Bob Dole on Investigating Veterans' Medical Care
MELISSA BLOCK, Host:
This is ALL THINGS CONSIDERED from NPR News. I'm Melissa Block.
MICHELE NORRIS, Host:
And I'm Michele Norris. Earlier this week President Bush appointed a bipartisan panel to help fix the ailing medical system that provides care for wounded U.S. troops. Former Senator Bob Dole and former Health and Human Services Secretary Donna Shalala will head the Military Medical Commission. It will investigate conditions at both active duty military and veterans' hospitals. Former Senator Bob Dole has lots of experience with the military medical system.
He was seriously wounded while serving in Europe during World War II. He spent years going through multiple surgeries and extensive therapy, and ultimately he lost the use of his right arm. He joined us from his office in Washington and he describes his reaction upon reading the Washington Post series about the conditions at Walter Reed Army Medical Center.
BOB DOLE: Well, I was surprised. You know, I visit Walter Reed Hospital, sometimes as a patient, but many times just to - I went over for thanksgiving dinner, for example. My wife and I were always out there for Christmas dinner with the soldiers. So I'm there quite often, but I wasn't in Building 18, which is not sort of part of the campus, it's across the street; used to be a hotel, and then the government took over this building, and obviously it wasn't taken care off.
NORRIS: So you, with the time that you spent at Walter Reed, did you have any indication that conditions had deteriorated to this degree?
DOLE: Well, yeah. I was in the - when I was a patient there, and I've been a patient -I had kidney stones removed there, I had a prostatectomy there. I had a - part of my colon removed at Walter Reed, and I've been there - I took a fall a couple of years ago and spent 41 days there.
And so I, you know, I have a pretty good idea of moving around the different areas for x-rays and whatever. You know, it's actually a - it's a good hospital, but I - in the case of Building 18 and probably some other areas that haven't been looked at there are shortcomings. But I think in the main hospital I don't think it's a question of medical care. It's the bureaucracy and it's a hand off to the VA, and whether or not we make certain that they get the best possible care when they leave. And hopefully with all the people now focused on it they will be addressed.
NORRIS: In accepting this mission did you inform the president as to what you would need to make sure that your recommendations have teeth, that they don't get lost in this morass of other suggestions from all these other panels?
DOLE: You know, I've been around long enough, and so has Secretary Shalala, that we both weren't interested in being on some commission that, when you finish and hand in a report, they say thank you very much and that's the end of it. And the president made it very clear to both of us that, you know, if we needed something, we would have it. You know, hopefully, we're going to come up with something that might be of help, we might complement what's happening in the Congress and with other groups.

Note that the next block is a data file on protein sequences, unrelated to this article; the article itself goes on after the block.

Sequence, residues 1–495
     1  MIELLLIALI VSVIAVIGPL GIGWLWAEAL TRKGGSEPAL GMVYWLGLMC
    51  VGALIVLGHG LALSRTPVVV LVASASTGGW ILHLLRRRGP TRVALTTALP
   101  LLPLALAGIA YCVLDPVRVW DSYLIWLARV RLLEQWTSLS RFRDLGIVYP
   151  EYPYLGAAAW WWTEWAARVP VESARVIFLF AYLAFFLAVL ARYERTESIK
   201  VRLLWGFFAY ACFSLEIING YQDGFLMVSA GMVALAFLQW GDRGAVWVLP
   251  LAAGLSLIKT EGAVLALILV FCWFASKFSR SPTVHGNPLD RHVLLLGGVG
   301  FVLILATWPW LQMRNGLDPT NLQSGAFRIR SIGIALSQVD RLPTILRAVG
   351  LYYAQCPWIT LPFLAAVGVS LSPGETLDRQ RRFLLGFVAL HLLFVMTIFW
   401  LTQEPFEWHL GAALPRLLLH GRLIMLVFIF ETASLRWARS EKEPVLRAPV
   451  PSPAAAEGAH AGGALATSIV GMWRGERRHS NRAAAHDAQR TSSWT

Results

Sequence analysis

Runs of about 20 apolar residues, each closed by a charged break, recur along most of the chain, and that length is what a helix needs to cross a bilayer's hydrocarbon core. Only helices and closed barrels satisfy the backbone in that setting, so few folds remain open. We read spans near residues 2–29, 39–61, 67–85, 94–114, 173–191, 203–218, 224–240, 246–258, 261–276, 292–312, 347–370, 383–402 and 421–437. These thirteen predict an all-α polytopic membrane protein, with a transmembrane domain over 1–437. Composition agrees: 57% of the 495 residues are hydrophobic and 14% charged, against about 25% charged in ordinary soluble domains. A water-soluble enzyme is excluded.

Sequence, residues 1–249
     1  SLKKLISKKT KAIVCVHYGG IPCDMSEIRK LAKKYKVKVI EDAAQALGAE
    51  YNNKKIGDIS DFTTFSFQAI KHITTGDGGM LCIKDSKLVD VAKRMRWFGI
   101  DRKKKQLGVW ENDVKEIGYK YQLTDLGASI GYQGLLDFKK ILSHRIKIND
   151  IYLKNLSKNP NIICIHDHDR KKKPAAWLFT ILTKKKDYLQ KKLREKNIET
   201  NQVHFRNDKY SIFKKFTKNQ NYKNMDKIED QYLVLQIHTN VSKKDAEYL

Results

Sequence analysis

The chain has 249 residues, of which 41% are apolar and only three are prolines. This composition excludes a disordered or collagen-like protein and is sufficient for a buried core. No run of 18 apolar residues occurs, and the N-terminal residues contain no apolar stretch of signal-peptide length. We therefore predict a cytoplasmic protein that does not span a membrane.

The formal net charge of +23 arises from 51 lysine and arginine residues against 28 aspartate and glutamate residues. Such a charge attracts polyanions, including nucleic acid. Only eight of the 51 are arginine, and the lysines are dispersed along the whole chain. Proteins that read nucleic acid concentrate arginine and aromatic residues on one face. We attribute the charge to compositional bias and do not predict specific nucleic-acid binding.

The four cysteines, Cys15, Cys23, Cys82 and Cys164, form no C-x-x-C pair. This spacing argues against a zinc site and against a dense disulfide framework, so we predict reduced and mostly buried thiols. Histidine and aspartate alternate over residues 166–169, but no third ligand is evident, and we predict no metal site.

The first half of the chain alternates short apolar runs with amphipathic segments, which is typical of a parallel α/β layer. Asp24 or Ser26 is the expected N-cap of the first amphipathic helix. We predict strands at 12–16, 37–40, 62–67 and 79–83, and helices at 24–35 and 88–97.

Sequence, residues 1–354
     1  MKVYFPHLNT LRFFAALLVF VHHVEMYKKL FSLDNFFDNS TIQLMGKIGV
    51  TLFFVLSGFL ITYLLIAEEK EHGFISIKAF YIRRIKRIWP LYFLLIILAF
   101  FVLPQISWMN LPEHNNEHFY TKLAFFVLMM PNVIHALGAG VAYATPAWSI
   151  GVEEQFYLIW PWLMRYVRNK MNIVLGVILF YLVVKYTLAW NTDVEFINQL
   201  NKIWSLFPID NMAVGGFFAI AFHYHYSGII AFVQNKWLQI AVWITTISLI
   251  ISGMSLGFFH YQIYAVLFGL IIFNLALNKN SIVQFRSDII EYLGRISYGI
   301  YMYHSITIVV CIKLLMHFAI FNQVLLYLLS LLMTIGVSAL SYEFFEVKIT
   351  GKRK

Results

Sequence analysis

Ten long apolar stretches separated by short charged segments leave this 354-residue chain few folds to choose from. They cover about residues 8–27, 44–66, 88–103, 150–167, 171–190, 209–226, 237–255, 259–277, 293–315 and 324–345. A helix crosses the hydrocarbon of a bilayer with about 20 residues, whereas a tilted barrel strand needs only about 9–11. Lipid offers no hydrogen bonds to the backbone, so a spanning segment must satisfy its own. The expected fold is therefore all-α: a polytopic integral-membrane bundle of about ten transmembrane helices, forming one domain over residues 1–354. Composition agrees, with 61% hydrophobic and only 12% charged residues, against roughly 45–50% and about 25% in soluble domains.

NORRIS: Would it be fair to say that that you're angry about what's going on?
DOLE: Well, having been a, you know, disabled veteran most of my life and having worked with the Veterans of Foreign Wars, the American Legion, Disabled American Veterans as a service officer in my younger days trying to help veterans with their claims.
You know, it seems to be we can - if we can spend all the money we're spending to make certain they get to Iraq or Afghanistan and all the money we spend while they're there, we ought to make certain we spend enough when they come home, whether you're injured or wounded, or whether you've got some stress problem or brain injury, mental health, whatever it is, some of these young men have drug problems, some have alcohol problems, some have family problems. You know, it's very complex.
It's not just somebody coming in with a wound that can be addressed and taken care of and young men or young women go back to the unit, or go back to the Guard or reserve or home. Some of these are very - particularly brain injuries. Not many VA hospitals are equipped to deal with traumatic brain injuries. You know, I'm just thinking sort out of the box. We need to work out some arrangement with especially hospitals in the private sector where veterans, or young men and women on active duty, can be treated in those hospitals, where we know they will get the best possible care.
NORRIS: I guess one question would be who would put the bill for that?
DOLE: The government. He's entitled. I mean, or she would be entitled. We have an obligation as Americans. And I'd be hard-pressed to find some American who wouldn't be willing to spend whatever it takes to make certain that we provided the best possible care.
NORRIS: Mr. Dole, thank you so much for speaking with us.
DOLE: Okay, Michele. Thank you.
NORRIS: We were speaking with former Senator Bob Dole. He, along with former Health and Human Services Secretary Donna Shalala, will head the Military Medical Commission that will investigate conditions at both active duty and veterans' hospitals.